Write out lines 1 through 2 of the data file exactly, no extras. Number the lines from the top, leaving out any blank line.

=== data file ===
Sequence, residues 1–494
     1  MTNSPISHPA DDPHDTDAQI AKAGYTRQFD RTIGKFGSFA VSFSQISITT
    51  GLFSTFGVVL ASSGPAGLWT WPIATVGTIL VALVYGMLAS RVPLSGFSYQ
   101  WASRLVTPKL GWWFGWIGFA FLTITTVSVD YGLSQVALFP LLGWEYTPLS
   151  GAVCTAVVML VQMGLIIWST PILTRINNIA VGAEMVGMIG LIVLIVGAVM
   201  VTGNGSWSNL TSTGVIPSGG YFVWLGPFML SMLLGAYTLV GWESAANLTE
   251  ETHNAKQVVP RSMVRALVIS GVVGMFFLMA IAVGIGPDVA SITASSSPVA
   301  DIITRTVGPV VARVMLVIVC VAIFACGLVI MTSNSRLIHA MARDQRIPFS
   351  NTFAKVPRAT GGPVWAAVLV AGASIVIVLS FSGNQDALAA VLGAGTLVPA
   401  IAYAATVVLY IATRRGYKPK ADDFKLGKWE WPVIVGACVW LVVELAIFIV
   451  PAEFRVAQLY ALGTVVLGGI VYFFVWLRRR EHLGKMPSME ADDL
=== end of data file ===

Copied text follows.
Sequence, residues 1–494
     1  MTNSPISHPA DDPHDTDAQI AKAGYTRQFD RTIGKFGSFA VSFSQISITT